The opinion of the court was delivered by: ROBRENO
Plaintiff Craig A. Spencer brought this action under 42 U.S.C. § 1983
against defendant Milton Steinman
claiming that James Crumlish, Esquire, one of Steinman's lawyers in a state court action brought by Spencer against Steinman, used his influence with Philadelphia Common Pleas Judge Eugene Maier, the judge presiding over the state action, to gain favorable rulings from Judge Maier in that litigation ("Steinman state court litigation").
Defendant has moved to dismiss the amended complaint claiming that (1) the Court is without personal jurisdiction over him since neither the original complaint nor the amended complaint were served upon the defendant within 120 days after filing of the original complaint; (2) that the Rooker-Feldman doctrine bars prosecution of the action because to grant plaintiff the relief he seeks, the Court would have to determine that Judge Maier's rulings were wrongly decided; and (3) plaintiff fails to state a § 1983 cause of action under either the "joint participation" or "conspiracy" theories of state action.
The Court finds that (1) while neither the original complaint nor the amended complaint were served within 120 days of the date of filing the original complaint there is good cause to extend the time for service of the original complaint; (2) that the Rooker-Feldman doctrine does not bar the action because plaintiff is not seeking review of the state court decisions of Judge Maier but rather is pointing to these decisions merely to show that the violation of his rights have caused him injury; (3) that plaintiff has not stated a cause of action under the theory of joint participation for state action because plaintiff is not challenging a state statute or procedure but rather is claiming misuse or abuse of a state procedure by a state actor; and (4) plaintiff's claims of influence by attorney Crumlish upon Judge Maier and of Judge Maier's bias and prejudice toward plaintiff do not establish state action on behalf of the defendant under a conspiracy theory. Therefore, the motion to dismiss will be granted.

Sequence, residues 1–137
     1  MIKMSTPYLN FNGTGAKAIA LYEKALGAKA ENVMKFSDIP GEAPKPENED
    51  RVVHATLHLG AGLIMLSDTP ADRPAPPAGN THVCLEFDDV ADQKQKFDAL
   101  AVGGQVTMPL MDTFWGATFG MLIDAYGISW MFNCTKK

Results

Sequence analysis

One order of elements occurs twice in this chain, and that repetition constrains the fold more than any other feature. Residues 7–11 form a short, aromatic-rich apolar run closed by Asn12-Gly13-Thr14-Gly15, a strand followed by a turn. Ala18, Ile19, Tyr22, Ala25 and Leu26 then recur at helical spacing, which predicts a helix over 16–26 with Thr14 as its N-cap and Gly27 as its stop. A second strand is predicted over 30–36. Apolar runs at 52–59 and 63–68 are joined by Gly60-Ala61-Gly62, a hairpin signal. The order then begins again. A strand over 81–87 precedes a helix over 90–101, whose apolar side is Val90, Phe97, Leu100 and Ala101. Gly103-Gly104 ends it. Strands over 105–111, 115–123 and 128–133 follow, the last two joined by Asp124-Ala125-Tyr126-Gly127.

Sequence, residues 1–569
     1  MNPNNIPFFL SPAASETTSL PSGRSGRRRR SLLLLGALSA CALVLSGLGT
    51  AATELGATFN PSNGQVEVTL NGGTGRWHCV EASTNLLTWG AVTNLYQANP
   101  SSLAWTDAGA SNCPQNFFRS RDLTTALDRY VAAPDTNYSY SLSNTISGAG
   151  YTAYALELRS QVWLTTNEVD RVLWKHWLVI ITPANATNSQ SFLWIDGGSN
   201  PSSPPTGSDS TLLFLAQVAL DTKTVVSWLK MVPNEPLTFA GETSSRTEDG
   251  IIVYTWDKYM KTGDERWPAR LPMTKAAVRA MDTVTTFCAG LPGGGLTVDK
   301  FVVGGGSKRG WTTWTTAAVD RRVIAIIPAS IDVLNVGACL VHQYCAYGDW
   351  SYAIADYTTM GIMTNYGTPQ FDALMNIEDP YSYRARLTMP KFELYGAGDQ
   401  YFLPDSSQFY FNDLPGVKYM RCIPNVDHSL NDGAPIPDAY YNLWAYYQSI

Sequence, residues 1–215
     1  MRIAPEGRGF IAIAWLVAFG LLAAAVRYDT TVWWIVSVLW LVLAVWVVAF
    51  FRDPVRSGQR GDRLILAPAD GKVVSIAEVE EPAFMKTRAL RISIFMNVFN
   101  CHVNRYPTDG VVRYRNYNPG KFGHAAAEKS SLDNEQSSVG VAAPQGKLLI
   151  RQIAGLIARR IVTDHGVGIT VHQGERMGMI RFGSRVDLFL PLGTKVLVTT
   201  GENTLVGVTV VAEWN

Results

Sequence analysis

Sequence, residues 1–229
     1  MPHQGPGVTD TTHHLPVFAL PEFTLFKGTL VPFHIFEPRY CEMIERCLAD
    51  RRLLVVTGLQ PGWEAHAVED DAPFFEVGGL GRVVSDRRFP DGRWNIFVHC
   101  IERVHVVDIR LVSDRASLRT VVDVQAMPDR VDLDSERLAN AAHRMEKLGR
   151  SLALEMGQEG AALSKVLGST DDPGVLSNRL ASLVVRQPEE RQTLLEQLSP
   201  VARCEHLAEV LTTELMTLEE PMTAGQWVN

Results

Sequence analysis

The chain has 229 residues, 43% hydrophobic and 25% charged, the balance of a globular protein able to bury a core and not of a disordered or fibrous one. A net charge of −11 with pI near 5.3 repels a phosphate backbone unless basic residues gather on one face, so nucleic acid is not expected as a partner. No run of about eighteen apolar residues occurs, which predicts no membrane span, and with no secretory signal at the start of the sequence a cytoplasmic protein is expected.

Defendant contends that because he was not served with either the original complaint or the amended complaint within 120-days after the original complaint was filed
, service of process was insufficient. Moreover, according to the defendant, there is no good cause for extending the time for service of the original complaint under Rule 4(m) of the Federal Rules of Civil Procedure. Therefore, the defendant argues, the Court is without personal jurisdiction to hear the case. See Fed. R. Civ. P. 12(b)(5).
Rule 4(m) of the Federal Rules of Civil Procedure provides as follows:
Time Limit for Service. If service of the summons and complaint is not made upon a defendant within 120 days after the filing of the complaint, the [district] court upon motion or on its own initiative after notice to the plaintiff, shall dismiss the action without prejudice as to that defendant or direct that service be effected within a specified time; provided that if plaintiff shows good cause for the failure, the Court shall extend the time for service for an appropriate period.
Fed. R. Civ. P. (1993) (emphasis added).